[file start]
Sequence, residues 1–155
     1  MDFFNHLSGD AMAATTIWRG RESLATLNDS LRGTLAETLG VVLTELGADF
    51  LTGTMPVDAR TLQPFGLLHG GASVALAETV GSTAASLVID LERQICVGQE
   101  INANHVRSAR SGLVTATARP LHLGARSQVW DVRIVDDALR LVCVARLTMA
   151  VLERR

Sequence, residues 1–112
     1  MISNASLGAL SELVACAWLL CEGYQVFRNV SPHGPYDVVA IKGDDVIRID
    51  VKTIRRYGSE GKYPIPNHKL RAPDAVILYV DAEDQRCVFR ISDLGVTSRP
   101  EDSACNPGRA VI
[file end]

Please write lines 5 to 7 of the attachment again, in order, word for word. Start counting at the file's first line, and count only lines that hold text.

   151  VLERR

Sequence, residues 1–112
     1  MISNASLGAL SELVACAWLL CEGYQVFRNV SPHGPYDVVA IKGDDVIRID